In Spending Bill, Democrats Rely on Budget Gimmicks They Once Derided

Sen. Joe Manchin (D-W.Va.) speaks during a television interview at the Russell Senate Office Building in Washington on Thursday, Nov. 4, 2021. (Stefani Reynolds/The New York Times) WASHINGTON — At an impromptu news conference this week, Sen. Joe Manchin lamented the “shell games” and “budget gimmicks” he said his party was using to artificially reduce the $1.85 trillion price tag of the spending bill moving through Congress, saying the real cost was probably double that amount.

“This is a recipe for economic crisis,” Manchin, D-W.Va., warned, suggesting that he would not support a bill without understanding its potential impact on the economy.

Four years ago, as Republicans marched ahead with a $1.5 trillion tax cut, top Democrats in Congress assailed them for hiding the true cost of the legislation, arguing that it was “loaded with budget gimmicks” and packed with “stealthy tax tricks” that would saddle the nation with even more debt. Now, as they race to finish their own trillion-dollar domestic policy package, Democrats are employing their own maneuvers to downplay the cost of their bill.

President Joe Biden’s new framework for tackling climate change, bolstering child care and a wide range of other economic programs assumes that the package will be fully paid for with an estimated $2 trillion in tax increases on corporations and high earners.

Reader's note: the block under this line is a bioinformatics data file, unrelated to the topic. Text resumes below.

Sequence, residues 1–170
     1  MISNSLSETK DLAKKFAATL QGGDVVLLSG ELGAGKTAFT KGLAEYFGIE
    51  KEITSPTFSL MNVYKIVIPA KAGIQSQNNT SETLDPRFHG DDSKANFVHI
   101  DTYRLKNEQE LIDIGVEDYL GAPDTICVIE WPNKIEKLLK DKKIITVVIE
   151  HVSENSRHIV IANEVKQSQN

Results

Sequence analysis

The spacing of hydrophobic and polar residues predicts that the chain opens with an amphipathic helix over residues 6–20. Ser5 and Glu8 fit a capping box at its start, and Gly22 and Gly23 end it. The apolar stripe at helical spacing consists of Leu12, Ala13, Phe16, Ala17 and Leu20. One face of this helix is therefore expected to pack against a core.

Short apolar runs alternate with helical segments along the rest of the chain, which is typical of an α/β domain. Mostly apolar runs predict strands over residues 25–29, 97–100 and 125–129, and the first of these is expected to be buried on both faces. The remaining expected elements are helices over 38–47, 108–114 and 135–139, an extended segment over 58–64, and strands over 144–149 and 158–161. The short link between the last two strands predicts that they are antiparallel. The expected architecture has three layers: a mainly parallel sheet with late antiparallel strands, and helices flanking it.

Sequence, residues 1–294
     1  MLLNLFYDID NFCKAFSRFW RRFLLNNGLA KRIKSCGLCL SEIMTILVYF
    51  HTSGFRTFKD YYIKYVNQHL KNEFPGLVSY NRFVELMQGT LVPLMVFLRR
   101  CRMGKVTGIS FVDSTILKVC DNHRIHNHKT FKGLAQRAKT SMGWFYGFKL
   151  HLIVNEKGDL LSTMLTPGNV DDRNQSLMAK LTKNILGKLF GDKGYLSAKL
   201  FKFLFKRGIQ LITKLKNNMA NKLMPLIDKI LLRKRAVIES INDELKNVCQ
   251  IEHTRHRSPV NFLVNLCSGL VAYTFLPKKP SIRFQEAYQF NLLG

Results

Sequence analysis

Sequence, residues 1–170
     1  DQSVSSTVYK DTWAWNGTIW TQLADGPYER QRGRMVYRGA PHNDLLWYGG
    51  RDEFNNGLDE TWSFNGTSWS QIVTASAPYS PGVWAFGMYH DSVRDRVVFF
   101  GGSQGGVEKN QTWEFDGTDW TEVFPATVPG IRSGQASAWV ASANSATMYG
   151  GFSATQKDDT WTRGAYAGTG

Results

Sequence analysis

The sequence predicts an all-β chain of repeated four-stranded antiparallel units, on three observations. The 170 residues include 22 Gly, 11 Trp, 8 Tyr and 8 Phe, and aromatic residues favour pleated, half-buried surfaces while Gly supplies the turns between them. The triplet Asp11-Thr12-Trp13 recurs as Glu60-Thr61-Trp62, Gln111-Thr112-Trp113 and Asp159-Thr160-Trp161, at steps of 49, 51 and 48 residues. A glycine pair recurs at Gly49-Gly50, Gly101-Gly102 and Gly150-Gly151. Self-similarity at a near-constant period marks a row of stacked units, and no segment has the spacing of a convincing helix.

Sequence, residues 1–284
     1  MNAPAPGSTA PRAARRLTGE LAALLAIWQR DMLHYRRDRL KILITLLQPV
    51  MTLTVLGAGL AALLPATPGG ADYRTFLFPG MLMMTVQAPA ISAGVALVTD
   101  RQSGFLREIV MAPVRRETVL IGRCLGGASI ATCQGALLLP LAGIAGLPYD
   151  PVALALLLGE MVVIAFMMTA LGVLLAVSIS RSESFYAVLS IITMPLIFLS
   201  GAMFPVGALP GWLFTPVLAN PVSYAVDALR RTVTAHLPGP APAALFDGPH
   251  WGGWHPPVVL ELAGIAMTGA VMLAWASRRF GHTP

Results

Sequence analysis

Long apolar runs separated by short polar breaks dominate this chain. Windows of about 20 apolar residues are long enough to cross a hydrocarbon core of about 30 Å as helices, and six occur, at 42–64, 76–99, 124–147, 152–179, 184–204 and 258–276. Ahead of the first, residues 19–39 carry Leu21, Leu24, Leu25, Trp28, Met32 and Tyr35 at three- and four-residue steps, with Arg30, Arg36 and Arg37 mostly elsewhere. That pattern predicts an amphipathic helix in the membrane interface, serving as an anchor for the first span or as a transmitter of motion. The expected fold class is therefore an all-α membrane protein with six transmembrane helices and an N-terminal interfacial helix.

But budget experts, along with some moderate Democrats, say the true cost of the legislation will be closer to $4 trillion because of the way the programs are structured and accounted for in the budgetary process. For instance, many of the provisions in Biden’s framework would expire, or “sunset” after only few years, even though Democrats anticipate that they would eventually be extended.

The assumption that spending on those programs will cease in a few years reduces their overall cost during the 10-year budget window that Congress uses to determine whether a bill will add to the federal deficit. That is especially important given the way in which Democrats are trying to pass this particular bill. Lawmakers have limited room for adding to the deficit over a 10-year period because of the budget procedure known as reconciliation that will allow them to pass the legislation without Republican votes.

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